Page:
Hands-free driving bill returns; Demands for accountability in Lynchburg; A Christmas ‘Saint’ in King George and more

Virginia Mercury

Our daily roundup of headlines from Virginia and elsewhere.

• Lawmakers will again consider a hands-free driving bill, — Richmond Times-Dispatch

• Restaurant owners in Norfolk are worried about casino competition. — The Virginian-Pilot

• More than 600 workers will be furloughed at a coal mining operation in Buchanan County “until a trade deal was reached between the US and China on coal exports.”  — The Bristol Herald Courier

• A wrongful death lawsuit involving a retired Roanoke police officer who fatally shot another driver on the Blue Ridge Parkway has been settled for $100,000. — The Roanoke Times

•  Most of the people injured in a massive chain-reaction crash on I-64 have been released from the hospital. — The Daily Press

• A judge presiding over a wrongful death suit will allow the widows of two Virginia State Police officers killed in a helicopter crash during the deadly “Unite the Right” rally in Charlottesville in 2017 to access contracts between the department and a manufacturer of the aircraft. — The Daily Progress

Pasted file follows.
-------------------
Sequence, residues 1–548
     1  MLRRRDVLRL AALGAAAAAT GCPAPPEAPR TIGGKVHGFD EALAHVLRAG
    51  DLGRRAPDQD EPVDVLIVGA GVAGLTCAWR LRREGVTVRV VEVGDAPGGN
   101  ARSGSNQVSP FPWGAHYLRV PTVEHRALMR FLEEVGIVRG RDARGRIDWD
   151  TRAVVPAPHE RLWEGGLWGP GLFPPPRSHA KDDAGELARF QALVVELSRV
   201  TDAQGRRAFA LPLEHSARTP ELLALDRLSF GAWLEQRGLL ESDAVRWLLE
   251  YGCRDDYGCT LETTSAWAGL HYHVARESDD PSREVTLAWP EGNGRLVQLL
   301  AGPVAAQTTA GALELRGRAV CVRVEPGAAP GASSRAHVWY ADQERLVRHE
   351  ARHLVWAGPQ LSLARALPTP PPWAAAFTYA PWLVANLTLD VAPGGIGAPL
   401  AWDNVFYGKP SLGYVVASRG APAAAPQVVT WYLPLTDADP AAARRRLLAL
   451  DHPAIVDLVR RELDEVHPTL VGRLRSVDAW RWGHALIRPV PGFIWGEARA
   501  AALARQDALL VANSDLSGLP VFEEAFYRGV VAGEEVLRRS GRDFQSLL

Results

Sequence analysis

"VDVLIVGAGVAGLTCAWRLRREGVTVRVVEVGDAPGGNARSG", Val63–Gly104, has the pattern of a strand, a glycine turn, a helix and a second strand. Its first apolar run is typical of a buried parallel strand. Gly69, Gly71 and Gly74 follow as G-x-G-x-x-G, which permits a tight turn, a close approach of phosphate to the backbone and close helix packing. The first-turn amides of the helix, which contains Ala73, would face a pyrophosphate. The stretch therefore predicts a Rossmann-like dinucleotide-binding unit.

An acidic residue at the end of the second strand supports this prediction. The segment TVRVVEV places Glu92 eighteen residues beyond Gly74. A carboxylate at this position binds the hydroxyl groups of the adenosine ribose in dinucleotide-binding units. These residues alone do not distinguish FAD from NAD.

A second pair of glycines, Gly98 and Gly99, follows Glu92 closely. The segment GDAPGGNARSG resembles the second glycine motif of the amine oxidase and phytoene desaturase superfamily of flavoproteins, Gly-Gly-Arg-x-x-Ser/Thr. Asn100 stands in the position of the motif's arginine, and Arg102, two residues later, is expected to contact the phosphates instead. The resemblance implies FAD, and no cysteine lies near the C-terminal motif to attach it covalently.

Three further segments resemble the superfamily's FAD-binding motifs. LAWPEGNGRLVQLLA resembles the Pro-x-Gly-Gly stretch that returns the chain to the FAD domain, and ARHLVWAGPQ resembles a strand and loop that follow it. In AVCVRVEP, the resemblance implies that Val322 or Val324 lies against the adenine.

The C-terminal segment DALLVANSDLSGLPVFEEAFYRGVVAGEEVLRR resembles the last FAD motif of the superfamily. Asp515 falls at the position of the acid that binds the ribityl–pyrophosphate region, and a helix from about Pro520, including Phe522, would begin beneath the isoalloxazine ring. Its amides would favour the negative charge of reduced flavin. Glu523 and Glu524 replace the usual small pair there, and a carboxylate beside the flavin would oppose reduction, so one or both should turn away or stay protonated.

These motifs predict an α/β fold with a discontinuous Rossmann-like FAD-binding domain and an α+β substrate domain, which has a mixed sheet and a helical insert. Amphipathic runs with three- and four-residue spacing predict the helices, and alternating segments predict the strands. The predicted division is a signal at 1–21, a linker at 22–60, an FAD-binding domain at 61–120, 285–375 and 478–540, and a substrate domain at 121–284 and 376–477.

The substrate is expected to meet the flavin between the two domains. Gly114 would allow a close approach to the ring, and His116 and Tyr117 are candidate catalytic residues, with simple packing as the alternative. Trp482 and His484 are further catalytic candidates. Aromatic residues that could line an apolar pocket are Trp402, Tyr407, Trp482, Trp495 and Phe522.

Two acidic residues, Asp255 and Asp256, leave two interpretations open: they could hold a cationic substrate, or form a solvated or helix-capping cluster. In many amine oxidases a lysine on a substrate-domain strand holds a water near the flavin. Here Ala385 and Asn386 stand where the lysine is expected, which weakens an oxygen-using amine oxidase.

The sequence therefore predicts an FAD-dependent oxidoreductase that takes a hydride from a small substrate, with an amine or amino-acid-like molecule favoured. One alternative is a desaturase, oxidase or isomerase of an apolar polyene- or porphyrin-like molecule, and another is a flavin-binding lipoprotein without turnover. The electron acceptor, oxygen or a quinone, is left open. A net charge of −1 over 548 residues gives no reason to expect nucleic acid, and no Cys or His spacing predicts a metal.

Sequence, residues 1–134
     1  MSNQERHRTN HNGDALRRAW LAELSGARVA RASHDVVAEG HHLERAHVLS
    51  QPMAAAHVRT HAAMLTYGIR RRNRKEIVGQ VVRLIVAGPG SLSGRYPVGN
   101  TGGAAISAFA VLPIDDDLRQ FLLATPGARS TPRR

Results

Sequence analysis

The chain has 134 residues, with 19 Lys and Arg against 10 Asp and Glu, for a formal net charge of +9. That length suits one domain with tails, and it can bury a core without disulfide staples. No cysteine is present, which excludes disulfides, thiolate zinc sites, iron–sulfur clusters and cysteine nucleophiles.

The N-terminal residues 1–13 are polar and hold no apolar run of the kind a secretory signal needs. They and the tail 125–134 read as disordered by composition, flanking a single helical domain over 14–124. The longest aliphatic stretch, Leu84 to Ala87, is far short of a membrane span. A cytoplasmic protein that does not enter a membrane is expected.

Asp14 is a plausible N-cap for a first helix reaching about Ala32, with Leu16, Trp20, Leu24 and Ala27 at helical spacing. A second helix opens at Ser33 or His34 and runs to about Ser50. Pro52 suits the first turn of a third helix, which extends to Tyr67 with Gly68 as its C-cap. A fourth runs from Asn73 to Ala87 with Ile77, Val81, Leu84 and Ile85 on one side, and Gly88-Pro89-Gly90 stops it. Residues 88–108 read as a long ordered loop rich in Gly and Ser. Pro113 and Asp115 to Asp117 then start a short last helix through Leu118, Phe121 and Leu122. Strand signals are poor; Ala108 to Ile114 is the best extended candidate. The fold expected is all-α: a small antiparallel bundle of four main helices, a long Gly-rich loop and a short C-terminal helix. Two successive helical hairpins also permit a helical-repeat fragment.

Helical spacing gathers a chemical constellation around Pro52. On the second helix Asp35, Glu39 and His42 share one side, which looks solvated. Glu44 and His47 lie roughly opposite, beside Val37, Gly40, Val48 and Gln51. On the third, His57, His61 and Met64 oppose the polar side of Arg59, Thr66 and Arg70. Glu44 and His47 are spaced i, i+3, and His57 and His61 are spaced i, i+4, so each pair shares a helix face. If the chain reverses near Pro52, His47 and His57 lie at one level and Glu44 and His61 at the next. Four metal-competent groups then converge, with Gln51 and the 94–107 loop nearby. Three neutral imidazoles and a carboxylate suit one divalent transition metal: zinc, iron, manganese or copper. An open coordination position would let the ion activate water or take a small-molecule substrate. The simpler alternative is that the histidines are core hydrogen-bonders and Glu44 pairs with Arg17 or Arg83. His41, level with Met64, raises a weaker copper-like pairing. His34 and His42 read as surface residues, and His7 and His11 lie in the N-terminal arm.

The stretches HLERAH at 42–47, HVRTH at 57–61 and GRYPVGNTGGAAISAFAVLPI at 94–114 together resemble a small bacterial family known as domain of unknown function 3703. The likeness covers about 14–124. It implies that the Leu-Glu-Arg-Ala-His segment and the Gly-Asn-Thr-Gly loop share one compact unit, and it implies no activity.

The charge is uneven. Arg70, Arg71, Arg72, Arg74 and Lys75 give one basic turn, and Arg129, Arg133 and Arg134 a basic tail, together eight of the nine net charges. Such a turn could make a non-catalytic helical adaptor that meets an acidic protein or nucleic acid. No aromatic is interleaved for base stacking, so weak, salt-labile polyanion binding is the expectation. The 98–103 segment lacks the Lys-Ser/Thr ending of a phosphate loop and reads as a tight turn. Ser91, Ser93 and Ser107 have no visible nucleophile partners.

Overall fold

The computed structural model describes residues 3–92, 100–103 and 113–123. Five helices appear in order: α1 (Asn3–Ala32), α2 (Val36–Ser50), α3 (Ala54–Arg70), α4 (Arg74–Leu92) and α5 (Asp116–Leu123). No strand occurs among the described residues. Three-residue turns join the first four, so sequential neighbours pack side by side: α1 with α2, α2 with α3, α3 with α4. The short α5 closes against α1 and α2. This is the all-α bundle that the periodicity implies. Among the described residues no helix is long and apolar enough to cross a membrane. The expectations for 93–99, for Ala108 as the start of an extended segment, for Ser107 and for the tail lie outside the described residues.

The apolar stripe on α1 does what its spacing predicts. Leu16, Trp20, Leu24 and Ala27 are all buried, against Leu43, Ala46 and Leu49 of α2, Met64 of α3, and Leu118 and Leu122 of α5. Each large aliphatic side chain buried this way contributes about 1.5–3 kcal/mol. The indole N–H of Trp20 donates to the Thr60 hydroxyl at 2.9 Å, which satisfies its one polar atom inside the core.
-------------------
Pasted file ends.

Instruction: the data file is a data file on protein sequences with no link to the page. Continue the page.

• The legal age to purchase tobacco products is now 21 nationwide, thanks to a bill carried by Sen. Tim Kaine, D-Va., and Sen. Mitch McConnell, R-Ky. — The Loudoun Times-Mirror

• More than 100 people showed up at an auditorium in Lynchburg Monday to demand answers from the city’s prosecutor and police chief after a white teen was found not guilty (by an all-white jury) on murder and malicious wounding charges in a shooting that killed one black teen and left another seriously injured.  — The News & Advance

• Richmond newlyweds are still recovering after being badly burned in a volcano eruption in New Zealand. — The Associated Press.

• Former NFL offensive lineman Jermon Bushrod, who grew up in King George and spent most of his career with the New Orleans Saints, took 30 elementary students shopping Thursday night at the Dahlgren Walmart. “We wanna stress to the younger generation the importance of Christmas, that it’s about being able to give and to receive,” Bushrod said. “And that when you give, that makes your heart feel better.” — The Free Lance-Star